The aviation fuel of the future might very well be green. This is the conclusion of a report that NIRAS has contributed to. By combining biogas, CO2 and hydrogen in an innovative manner, we are not far from creating sustainable aviation fuel.
Things are looking good for the green transition. Within a few years, climate neutral aviation fuel might become commercially available. This is the conclusion of a new study, which was conducted by Nordic Initiative for Sustainable Aviaiton (NISA), the University of Southern Denmark, and NIRAS.
To create sustainable aviation fuel, you need biogas, hydrogen, and CO2. The biogas is extracted from biomass, such as straw and manure or other types of organic waste. The biogas will be converted to methane, which will then in turn be converted to aviation fuel with the help of hydrogen and CO2. CO2 can be harvested from the atmosphere, but it can also be captured in the flue gas from waste incinerator plants.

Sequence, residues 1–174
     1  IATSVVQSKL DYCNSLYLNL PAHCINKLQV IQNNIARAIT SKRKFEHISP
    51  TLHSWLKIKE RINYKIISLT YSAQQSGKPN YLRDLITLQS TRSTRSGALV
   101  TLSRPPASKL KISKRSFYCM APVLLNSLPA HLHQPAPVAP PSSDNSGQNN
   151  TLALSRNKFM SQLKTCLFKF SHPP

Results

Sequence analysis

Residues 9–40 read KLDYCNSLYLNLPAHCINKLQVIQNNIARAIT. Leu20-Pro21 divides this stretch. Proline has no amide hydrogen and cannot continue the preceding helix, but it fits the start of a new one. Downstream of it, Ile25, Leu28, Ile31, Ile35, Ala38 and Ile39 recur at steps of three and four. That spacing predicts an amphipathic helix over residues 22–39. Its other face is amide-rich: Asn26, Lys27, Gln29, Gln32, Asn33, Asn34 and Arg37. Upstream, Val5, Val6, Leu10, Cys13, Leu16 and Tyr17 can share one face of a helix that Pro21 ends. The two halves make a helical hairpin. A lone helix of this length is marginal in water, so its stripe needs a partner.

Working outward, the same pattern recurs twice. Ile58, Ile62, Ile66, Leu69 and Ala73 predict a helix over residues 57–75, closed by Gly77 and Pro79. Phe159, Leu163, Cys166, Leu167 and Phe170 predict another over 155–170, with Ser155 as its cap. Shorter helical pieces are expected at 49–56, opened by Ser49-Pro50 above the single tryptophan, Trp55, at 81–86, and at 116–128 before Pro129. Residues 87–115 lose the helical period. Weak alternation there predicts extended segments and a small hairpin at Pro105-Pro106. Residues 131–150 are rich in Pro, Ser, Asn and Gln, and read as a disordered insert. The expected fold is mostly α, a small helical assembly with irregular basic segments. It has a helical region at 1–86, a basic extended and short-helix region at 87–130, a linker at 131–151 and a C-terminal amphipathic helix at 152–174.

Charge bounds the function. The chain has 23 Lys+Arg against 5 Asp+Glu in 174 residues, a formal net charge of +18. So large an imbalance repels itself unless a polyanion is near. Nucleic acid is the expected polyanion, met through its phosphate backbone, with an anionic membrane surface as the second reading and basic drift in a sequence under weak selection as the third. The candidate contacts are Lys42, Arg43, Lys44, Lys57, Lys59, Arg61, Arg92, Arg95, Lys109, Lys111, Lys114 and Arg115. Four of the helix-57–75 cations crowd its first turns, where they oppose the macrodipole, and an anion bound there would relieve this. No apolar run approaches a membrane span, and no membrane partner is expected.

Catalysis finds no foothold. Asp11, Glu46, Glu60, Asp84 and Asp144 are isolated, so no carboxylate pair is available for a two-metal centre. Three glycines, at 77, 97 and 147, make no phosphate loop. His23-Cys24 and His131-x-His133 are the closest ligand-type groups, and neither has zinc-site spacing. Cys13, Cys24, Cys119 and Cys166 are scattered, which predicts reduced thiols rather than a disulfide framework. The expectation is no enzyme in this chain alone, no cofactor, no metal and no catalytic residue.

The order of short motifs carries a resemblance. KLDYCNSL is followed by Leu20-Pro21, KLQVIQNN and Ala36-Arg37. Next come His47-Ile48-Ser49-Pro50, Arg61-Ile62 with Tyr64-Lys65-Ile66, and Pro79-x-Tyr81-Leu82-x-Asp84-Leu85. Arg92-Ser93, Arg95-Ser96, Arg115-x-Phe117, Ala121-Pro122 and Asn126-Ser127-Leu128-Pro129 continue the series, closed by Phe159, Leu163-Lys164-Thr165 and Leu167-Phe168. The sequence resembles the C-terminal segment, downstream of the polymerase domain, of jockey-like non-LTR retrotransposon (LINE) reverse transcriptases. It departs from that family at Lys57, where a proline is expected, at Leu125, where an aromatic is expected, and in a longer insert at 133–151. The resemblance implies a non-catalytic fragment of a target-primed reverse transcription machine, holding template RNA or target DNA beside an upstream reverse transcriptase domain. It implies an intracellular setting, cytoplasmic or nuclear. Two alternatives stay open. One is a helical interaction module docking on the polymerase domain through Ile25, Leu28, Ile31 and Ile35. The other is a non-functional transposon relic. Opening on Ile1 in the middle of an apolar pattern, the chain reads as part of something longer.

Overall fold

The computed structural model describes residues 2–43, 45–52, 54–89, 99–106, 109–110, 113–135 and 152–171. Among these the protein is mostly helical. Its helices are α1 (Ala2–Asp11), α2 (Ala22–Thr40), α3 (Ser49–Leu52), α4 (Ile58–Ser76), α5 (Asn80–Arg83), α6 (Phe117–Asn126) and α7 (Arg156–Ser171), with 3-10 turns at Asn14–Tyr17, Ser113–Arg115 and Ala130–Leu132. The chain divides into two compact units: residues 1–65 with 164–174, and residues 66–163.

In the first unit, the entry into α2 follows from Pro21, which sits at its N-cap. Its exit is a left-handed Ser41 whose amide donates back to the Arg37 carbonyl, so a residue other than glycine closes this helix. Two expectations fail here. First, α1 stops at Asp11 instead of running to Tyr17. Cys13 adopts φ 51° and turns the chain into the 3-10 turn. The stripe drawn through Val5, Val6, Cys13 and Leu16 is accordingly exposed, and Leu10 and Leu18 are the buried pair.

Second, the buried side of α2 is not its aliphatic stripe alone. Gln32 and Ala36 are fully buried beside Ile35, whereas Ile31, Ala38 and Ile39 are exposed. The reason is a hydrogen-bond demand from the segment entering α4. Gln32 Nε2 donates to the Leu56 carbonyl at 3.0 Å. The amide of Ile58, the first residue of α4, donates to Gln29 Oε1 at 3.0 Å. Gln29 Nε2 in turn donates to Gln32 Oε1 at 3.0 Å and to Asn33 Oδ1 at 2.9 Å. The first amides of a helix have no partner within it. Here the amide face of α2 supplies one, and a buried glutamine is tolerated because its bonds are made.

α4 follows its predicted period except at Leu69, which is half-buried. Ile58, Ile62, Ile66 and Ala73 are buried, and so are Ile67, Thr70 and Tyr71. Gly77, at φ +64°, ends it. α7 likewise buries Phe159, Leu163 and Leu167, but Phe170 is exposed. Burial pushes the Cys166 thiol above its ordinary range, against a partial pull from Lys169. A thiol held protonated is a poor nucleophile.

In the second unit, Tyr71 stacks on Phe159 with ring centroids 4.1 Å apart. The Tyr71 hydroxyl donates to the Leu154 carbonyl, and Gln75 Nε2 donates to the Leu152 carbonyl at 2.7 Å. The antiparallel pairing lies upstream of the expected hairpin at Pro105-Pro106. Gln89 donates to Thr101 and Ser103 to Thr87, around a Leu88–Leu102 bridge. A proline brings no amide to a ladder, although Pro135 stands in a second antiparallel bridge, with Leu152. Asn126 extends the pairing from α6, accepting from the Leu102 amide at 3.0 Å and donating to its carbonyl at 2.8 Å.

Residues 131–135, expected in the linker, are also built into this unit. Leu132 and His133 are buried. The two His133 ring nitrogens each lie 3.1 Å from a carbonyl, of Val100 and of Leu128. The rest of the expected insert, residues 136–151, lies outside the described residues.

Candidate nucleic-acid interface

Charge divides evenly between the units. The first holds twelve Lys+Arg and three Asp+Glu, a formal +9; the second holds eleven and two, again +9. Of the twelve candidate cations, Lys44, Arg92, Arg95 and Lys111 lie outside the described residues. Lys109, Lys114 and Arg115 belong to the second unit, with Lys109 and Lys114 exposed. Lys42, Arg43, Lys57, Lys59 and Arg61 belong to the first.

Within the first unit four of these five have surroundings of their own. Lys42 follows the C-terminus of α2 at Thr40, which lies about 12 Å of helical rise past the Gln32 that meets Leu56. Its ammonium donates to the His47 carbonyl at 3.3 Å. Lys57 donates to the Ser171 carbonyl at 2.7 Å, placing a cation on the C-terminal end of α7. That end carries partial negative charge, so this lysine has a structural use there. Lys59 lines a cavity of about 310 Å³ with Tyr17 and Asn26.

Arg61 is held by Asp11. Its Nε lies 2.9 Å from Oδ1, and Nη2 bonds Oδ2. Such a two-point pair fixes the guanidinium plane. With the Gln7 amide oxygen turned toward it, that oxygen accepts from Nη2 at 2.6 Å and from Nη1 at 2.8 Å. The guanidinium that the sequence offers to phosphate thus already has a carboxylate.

The study shows that these solutions, called gas-to-liquid-solutions, are technically mature and ready to be exploited commercially, already from 2025. “Gas-to-liquid technologies make for a giant potential,” says Erik C. Wormslev, development manager for Climate, Energy and Resources at NIRAS. “With this study, we have identified the possibility to create fossil free fuel out of materials that don’t have a negative impact on our environment.”